Most people have some appreciation of mathematics, just as most people can enjoy a pleasant tune.
I do not remember having felt, as a boy, any passion for mathematics, and such notions as I may have had of the career of a mathematician were far from noble. I thought of mathematics in terms of examinations and scholarships: I wanted to beat other boys, and this seemed to be the way in which I could do so most decisively.
317 is a prime, not because we think so, or because our minds are shaped in one way rather than another, but because it is so, because mathematical reality is built that way.
A science is said to be useful if its development tends to accentuate the existing inequalities in the distribution of wealth, or more directly promotes the destruction of human life.
There is always more in one of Ramanujan's formulae than meets the eye, as anyone who sets to work to verify those which look the easiest will soon discover. In some the interest lies very deep, in others comparatively near the surface; but there is not one which is not curious and entertaining.
Exposition, criticism, appreciation, is work for second-rate minds.
Good work is not done by 'humble' men
[Regarding mathematics,] there are now few studies more generally recognized, for good reasons or bad, as profitable and praiseworthy. This may be true; indeed it is probable, since the sensational triumphs of Einstein, that stellar astronomy and atomic physics are the only sciences which stand higher in popular estimation.
If intellectual curiosity, professional pride, and ambition are the dominant incentives to research, then assuredly no one has a fairer chance of gratifying them than a mathematician.
The creative life was the only one for a serious man.
Sometimes one has to say difficult things, but one ought to say them as simply as one knows how.
No mathematician should ever allow himself to forget that mathematics, more than any other art or science, is a young man's game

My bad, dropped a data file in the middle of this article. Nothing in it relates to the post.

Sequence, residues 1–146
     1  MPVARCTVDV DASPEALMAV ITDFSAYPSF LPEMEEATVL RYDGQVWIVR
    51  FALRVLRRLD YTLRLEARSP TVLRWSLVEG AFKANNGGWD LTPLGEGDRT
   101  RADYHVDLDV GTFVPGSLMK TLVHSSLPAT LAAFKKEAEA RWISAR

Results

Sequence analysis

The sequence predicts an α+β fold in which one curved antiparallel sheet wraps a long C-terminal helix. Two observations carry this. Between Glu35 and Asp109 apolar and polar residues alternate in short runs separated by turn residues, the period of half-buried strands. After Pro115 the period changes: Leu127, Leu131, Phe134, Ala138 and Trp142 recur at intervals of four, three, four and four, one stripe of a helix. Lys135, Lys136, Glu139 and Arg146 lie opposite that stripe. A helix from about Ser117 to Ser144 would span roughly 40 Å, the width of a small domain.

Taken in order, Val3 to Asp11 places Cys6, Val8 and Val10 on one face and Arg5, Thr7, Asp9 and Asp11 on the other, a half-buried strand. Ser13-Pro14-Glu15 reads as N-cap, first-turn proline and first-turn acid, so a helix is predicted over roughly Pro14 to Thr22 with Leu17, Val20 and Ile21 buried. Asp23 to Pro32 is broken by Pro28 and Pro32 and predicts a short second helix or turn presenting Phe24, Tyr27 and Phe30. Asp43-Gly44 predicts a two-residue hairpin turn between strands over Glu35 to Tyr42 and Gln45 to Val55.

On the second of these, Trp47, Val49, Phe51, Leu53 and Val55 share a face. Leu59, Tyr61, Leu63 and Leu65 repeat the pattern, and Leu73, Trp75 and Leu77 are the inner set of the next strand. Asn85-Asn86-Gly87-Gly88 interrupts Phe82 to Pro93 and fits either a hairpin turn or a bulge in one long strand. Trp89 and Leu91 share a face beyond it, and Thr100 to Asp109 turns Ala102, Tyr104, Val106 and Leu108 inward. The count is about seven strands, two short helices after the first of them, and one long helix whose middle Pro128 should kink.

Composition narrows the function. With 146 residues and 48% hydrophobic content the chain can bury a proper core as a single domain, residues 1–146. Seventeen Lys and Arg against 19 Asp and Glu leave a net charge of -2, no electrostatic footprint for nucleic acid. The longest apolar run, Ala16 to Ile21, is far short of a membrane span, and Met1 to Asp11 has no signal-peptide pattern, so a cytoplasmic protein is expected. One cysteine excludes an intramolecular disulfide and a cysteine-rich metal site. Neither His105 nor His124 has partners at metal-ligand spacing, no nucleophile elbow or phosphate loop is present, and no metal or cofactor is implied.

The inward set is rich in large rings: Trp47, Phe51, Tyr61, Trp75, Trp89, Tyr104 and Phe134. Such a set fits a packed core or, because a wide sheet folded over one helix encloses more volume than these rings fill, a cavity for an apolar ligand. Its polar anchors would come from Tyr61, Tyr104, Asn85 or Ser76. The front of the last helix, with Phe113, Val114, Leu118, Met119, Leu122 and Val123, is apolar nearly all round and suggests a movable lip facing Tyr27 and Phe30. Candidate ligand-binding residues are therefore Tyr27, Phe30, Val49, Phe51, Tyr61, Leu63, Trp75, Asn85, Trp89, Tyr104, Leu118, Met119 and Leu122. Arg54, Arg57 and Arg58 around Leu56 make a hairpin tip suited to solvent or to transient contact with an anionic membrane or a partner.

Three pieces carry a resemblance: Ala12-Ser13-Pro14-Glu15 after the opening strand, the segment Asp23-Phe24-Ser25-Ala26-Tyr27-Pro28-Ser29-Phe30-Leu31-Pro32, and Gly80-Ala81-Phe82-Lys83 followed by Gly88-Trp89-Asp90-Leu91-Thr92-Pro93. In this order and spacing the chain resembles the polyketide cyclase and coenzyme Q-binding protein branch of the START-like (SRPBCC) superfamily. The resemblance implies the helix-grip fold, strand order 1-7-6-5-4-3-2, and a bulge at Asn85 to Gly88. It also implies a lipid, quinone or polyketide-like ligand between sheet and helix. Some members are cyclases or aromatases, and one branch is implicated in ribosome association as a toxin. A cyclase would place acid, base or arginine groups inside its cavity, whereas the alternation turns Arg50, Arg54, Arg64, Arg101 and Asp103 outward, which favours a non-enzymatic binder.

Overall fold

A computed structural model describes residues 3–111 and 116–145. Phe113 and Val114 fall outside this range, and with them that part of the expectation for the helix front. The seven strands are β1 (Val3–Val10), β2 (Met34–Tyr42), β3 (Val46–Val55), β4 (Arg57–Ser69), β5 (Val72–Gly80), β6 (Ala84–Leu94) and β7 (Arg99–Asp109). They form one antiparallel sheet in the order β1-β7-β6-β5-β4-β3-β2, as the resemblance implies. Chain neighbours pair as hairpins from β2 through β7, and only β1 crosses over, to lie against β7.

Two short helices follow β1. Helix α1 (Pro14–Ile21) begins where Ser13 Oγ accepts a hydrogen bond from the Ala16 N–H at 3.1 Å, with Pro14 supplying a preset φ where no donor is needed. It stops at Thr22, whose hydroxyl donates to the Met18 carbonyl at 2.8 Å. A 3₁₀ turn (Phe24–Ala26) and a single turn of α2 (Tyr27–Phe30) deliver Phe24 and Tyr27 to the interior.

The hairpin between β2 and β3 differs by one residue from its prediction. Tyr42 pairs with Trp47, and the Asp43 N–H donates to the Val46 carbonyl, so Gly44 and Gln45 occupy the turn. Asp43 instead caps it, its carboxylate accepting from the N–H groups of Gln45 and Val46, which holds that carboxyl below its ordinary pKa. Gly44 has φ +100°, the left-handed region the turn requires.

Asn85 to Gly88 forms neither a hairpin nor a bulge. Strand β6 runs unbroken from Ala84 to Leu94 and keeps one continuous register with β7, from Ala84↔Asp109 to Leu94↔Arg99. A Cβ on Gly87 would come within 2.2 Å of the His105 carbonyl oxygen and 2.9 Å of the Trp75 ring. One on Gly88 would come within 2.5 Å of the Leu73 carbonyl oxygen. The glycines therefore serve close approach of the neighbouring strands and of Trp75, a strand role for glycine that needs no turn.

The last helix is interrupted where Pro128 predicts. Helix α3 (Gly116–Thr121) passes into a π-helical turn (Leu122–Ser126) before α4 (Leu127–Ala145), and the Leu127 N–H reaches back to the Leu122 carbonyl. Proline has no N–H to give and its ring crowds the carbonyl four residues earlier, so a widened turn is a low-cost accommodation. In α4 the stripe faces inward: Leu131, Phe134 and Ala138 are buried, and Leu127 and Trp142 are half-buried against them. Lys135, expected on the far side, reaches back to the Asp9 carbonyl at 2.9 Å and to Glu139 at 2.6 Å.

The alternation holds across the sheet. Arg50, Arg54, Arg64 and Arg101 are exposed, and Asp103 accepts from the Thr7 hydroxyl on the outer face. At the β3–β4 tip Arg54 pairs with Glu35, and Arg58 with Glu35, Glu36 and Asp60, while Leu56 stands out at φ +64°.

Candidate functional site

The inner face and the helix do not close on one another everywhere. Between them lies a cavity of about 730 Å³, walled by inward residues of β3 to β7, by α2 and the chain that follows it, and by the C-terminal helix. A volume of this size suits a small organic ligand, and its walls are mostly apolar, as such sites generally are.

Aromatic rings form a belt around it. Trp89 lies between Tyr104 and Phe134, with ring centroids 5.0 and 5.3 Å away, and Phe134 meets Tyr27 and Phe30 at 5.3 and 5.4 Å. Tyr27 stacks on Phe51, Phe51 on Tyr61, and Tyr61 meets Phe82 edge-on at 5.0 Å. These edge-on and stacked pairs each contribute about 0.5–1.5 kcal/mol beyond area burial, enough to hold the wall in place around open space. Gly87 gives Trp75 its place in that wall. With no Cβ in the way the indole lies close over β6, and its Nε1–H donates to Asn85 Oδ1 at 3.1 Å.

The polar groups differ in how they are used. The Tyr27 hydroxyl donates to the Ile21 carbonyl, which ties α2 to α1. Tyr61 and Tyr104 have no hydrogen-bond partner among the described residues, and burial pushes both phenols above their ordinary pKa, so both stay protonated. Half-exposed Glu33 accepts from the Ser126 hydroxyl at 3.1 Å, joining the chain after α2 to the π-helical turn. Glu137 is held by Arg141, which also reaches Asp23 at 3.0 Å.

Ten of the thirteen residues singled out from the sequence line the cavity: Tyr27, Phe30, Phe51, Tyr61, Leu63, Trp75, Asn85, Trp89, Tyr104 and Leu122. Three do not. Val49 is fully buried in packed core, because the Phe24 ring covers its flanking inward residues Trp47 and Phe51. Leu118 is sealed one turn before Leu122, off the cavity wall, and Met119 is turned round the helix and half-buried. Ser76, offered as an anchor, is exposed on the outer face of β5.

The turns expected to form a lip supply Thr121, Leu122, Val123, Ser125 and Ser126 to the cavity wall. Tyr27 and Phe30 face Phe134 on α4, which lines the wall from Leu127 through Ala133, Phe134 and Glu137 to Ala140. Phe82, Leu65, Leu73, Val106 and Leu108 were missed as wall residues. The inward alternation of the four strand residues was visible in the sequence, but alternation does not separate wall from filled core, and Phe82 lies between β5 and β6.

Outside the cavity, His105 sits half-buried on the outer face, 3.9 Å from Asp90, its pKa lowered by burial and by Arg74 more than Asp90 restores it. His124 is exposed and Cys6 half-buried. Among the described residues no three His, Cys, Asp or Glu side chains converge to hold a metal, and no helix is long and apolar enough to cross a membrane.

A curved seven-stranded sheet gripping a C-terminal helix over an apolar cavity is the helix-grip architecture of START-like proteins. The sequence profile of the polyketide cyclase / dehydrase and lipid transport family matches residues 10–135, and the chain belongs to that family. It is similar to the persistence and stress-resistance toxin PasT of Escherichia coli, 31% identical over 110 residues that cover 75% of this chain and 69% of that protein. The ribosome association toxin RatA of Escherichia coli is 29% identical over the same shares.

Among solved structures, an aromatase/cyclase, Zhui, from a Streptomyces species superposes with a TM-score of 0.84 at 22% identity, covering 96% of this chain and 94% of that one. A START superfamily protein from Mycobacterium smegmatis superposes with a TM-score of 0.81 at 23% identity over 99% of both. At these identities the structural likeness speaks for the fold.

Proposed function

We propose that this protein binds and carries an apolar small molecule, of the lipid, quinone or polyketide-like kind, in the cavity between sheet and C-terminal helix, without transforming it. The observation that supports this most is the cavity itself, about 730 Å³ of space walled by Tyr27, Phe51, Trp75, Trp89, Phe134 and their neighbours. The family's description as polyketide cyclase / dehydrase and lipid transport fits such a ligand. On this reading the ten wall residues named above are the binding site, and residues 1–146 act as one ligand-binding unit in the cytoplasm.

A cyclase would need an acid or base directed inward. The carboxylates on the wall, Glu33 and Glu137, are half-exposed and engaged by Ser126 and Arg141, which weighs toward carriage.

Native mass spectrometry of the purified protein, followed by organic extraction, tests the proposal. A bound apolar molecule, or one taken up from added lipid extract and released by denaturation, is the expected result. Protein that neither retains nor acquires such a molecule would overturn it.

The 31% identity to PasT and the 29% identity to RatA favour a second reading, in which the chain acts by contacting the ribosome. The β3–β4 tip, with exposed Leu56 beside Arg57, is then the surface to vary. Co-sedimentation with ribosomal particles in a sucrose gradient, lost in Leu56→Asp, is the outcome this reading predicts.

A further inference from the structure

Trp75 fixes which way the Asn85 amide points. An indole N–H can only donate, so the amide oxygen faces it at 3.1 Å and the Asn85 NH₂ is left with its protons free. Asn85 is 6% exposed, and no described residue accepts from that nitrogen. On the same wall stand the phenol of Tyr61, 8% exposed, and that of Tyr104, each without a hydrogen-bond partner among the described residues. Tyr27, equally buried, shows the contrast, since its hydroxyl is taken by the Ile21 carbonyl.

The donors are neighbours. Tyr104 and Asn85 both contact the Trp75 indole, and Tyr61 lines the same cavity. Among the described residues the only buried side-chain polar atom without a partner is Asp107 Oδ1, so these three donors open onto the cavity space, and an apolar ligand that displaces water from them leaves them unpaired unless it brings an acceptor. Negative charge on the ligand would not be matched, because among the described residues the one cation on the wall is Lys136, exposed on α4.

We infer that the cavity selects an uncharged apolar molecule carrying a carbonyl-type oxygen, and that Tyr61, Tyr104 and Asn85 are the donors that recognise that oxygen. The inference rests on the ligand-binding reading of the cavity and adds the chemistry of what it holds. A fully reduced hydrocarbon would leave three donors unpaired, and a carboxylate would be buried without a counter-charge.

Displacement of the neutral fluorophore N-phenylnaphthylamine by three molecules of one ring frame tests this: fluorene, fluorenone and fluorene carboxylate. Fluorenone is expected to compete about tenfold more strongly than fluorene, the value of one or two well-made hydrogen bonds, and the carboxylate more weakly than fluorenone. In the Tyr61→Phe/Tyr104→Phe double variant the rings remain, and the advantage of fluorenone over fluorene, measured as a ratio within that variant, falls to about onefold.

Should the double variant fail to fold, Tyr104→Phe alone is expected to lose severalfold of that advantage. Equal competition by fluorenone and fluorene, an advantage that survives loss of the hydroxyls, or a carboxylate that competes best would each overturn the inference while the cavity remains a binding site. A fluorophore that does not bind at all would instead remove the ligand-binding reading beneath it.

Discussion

It is hardly possible to maintain seriously that the evil done by science is not altogether outweighed by the good. For example, if ten million lives were lost in every war, the net effect of science would still have been to increase the average length of life.
Bombs are probably more merciful than bayonets
Most people can do nothing at all well
It is rather astonishing how little practical value scientific knowledge has for ordinary men, how dull and commonplace such of it as has value is, and how its value seems almost to vary inversely to its reputed utility.
The Babylonian and Assyrian civilizations have perished;
Hammurabi, Sargon and Nebuchadnezzar are empty names; yet Babylonian mathematics is still interesting, and the Babylonian scale of 60 is still used in Astronomy.
Real mathematics must be justified as art if it can be justified at all.
Asked if he believes in one G-d, a mathematician answered: "Yes, up to isomorphism".
As history proves abundantly, mathematical achievement, whatever its intrinsic worth, is the most enduring of all.
They [formulae 1.10 - 1.12 of Ramanujan] must be true because, if they were not true, no one would have had the imagination to invent them.
... Philosophy proper is a subject, on the one hand so hopelessly obscure, on the other so astonishingly elementary, that there knowledge hardly counts.
No one has yet discovered any warlike purpose to be served by the theory of numbers or relativity, and it seems unlikely that anyone will do so for many years.
The "seriousness" of a mathematical theorem lies, not in its practical consequences, which are usually negligible, but in the significance of the mathematical ideas which it connects.
A person’s first duty, a young person’s at any rate, is to be ambitious, and the noblest ambition is that of leaving behind something of permanent value.
The study of mathematics is, if an unprofitable, a perfectly harmless and innocent occupation.